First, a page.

DoTERRA co-founders and BYU alumni donate to Utah suicide prevention campaign

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Greg and Julie Cook, DoTERRA co-founders and BYU alumni, made a private donation to the $2 million state-wide suicide prevention campaign. (Hannah Miner)

BYU alumni and DoTERRA co-founders Greg and Julie Cook were eager to help when they were approached by Intermountain Healthcare and presented with an opportunity to support the Utah suicide prevention campaign. 

“We have designated suicide prevention as one of the central and pillar causes of our family,” Greg Cook said. “While we donate to many different causes to one degree or another, we have identified this one in particular, as one worth spending the rest of our lives in support of.”

Utah currently has one of the highest suicide rates in the nation. There have been 3,200 reported suicides in the past five years alone, according to Rep. Steve Eliason, R-Sandy. Suicide is also currently the leading cause of death for 10 to 24 year olds.

The Utah Legislature said it would appropriate $700,000 for a state-wide suicide prevention campaign if it was matched by public and private sector donations. An additional $300,000 from the general fund was available that did not require a match. The required amount, totaling $2 million, was recently raised, and according to Utah leaders, the campaign is set to launch sometime next year.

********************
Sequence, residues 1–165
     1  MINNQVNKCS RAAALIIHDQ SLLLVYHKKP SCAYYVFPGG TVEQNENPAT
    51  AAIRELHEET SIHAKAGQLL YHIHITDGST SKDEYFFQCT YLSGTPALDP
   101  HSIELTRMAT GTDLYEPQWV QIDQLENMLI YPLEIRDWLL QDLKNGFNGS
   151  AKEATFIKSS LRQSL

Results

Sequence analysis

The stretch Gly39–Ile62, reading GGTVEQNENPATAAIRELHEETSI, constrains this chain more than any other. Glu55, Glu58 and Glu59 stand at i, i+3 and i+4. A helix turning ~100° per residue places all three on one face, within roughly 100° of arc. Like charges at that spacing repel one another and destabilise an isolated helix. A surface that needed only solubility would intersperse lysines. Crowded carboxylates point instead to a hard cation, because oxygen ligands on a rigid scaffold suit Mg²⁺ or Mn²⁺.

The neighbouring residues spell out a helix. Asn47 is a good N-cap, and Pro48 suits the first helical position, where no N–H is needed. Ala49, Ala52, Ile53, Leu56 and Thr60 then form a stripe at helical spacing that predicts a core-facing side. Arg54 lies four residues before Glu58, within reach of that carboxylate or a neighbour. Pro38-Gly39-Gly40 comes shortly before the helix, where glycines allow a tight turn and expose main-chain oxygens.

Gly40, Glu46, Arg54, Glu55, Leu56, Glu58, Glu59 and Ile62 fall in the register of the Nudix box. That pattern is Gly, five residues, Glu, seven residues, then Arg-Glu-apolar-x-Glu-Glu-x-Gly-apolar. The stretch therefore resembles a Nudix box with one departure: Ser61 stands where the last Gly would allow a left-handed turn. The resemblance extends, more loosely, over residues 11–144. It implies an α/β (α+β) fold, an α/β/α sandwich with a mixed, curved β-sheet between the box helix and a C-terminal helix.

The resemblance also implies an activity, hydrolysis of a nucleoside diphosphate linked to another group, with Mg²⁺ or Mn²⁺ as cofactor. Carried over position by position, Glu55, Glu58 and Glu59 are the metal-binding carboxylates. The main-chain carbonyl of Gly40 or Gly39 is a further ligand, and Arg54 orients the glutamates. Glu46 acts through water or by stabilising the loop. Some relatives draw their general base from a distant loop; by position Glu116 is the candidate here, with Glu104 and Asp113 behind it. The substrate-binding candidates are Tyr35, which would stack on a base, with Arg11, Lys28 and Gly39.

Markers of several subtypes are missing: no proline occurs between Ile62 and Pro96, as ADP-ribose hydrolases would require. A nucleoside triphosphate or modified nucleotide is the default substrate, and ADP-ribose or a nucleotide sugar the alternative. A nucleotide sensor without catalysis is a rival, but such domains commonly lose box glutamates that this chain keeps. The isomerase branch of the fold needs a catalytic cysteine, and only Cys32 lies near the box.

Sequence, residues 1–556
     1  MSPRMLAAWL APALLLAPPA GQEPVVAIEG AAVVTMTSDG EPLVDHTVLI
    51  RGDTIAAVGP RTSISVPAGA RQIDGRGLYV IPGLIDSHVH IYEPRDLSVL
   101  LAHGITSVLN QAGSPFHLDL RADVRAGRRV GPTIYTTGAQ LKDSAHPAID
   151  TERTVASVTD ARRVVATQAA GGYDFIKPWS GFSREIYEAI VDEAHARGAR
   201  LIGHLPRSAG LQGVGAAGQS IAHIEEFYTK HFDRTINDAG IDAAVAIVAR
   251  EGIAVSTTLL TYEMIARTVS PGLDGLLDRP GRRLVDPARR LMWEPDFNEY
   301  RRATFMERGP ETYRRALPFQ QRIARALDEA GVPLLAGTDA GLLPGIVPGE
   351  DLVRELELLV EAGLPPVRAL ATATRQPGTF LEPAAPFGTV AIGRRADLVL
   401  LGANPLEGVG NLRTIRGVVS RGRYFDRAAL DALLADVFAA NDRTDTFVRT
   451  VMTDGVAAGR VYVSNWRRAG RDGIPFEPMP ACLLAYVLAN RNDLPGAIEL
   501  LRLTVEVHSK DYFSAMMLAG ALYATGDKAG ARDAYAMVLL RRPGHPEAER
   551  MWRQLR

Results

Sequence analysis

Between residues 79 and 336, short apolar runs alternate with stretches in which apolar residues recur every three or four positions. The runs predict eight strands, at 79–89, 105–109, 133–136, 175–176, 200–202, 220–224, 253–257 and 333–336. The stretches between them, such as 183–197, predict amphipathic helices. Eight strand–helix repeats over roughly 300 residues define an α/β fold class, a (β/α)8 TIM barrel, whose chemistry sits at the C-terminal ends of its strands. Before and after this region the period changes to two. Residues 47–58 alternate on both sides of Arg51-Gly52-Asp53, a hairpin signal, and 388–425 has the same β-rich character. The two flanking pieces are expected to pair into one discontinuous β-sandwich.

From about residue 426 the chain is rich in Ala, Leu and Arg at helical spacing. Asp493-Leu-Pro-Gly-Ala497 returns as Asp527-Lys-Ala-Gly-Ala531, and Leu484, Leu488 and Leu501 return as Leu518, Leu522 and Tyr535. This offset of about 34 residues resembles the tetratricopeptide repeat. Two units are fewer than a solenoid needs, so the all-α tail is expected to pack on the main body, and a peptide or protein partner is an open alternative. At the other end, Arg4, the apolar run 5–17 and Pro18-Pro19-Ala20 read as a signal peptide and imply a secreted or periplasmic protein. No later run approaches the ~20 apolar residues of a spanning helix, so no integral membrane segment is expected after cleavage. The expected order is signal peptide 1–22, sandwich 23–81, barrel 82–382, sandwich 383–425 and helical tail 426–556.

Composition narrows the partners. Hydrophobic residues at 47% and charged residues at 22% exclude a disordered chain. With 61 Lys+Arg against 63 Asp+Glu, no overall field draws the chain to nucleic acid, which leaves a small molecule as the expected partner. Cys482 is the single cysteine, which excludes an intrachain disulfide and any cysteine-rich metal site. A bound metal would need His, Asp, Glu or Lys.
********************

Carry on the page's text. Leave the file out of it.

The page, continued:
The Cook’s donated from their personal funds to help support the cause, which has personal significance to them.

Greg Cook was first impacted by the horrific reality of suicide when he served as a bishop in his ward and an 11-year-old boy in his congregation unexpectedly chose to end his life. 

“At 11 years old, you don’t even know what you’re doing,” Cook said. “When a young boy takes his life with seemingly no warning or awareness, it brings to light how a mental disease is so subtle, hurtful and damaging.” 

Shortly after the incident, the Cook’s were at the hospital consoling the young boy’s distraught mother. She was trying to contact her husband who was away on a business trip and had not yet heard the news.

“The husband finally returned the call and she couldn’t talk to him and tell him what happened. So she put me on the phone,” Greg Cook said. “That was one of the most difficult things I’ve ever done. Telling a father that his son has passed away in such an unexpected, tragic way.” 

Julie Cook was a college student attending BYU when she lost an uncle to suicide.

“He was my favorite uncle, someone very close to me,” she said. “Many people who take their lives have no idea the impact that it has on so many others. I think if they realized how much heartache that suicide causes, they might not make that choice.”

It was a combination of their personal experiences, financial situation and recognition of the need for more mental health resources that prompted the Cook’s to support the campaign.